The problem concerns finding shortest paths in graph from a single source to a single destination.
So in a general non-degenerate case of a weighted graph, Dijkstra's algorithm runs in O(E+VlogV). A* runs in expected time O(E), because It uses additional information to find the path faster.
Now let's simplify the problem and remove the weights. In an undirected and unweighted graph BFS runs in O(E+V), but can potentially be stopped earlier if a better solution is found.
Now consider some good heuristic is also available for the distance from any vertex to the destination - even though all edges have the same length (for example we are looking for a path on a grid composed of unit-length edges with obstacles on some edges).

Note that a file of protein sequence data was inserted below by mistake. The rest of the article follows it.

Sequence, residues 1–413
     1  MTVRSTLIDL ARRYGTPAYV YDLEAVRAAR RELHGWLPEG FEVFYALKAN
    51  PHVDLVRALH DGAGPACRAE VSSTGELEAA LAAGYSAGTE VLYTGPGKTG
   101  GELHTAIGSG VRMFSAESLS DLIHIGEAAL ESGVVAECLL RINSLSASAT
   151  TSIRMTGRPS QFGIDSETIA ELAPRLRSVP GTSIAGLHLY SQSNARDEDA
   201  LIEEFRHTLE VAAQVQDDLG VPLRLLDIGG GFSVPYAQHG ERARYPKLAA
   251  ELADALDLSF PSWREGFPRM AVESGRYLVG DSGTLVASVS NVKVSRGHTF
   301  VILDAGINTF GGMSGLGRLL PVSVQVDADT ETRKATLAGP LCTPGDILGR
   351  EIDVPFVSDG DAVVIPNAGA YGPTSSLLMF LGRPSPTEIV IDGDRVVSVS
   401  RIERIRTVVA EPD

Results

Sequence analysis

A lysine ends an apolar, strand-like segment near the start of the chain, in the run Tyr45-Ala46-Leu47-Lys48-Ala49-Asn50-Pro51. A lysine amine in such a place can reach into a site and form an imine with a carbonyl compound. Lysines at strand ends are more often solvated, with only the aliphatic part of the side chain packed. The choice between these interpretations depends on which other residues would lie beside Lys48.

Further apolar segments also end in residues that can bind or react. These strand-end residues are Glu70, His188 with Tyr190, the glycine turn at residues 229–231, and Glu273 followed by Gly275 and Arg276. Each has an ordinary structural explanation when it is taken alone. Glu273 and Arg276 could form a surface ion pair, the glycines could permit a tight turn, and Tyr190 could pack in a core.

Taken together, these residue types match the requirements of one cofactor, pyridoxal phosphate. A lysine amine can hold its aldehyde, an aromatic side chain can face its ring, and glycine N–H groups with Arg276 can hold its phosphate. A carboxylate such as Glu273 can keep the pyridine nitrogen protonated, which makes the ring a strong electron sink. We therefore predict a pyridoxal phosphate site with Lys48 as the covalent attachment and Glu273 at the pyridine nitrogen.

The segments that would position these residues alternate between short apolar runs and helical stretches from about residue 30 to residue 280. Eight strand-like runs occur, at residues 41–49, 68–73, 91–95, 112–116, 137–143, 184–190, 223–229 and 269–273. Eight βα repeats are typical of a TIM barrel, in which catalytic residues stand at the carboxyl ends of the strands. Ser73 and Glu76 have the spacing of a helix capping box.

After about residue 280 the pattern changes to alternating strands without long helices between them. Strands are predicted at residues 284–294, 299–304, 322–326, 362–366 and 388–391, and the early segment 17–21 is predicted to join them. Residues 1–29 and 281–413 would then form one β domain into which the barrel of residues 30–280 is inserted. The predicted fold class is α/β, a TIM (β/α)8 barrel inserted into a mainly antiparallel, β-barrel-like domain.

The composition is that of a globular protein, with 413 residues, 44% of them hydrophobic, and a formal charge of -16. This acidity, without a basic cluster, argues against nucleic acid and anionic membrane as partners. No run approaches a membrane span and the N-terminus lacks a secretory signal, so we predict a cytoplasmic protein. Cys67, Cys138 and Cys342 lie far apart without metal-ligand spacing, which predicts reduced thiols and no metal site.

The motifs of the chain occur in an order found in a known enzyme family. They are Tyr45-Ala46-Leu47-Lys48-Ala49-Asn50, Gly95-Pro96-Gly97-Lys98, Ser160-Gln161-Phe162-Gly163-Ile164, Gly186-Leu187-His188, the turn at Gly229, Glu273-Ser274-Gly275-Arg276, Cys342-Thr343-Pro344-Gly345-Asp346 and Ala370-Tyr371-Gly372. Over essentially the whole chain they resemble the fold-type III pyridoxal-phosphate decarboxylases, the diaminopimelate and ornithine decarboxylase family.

The fact that such heuristic exists is (of course) some added information, and this added information should theoretically be usable to improve the running speed of the algorithm, but I was not able to find any methods that utilise this additional information to optimise how fast BFS runs. I believe the lower bound is still O(E), for example for a simple path, but the constant multiplier should probably be smaller.
I have searched Wikipedia for different methods and I came across Beam search and Best first search - but both utilise a queue, so in theory it bumps the computational complexity to that of Dijkstra.
To sum up - can some heuristic information be used to improve the runtime of BFS?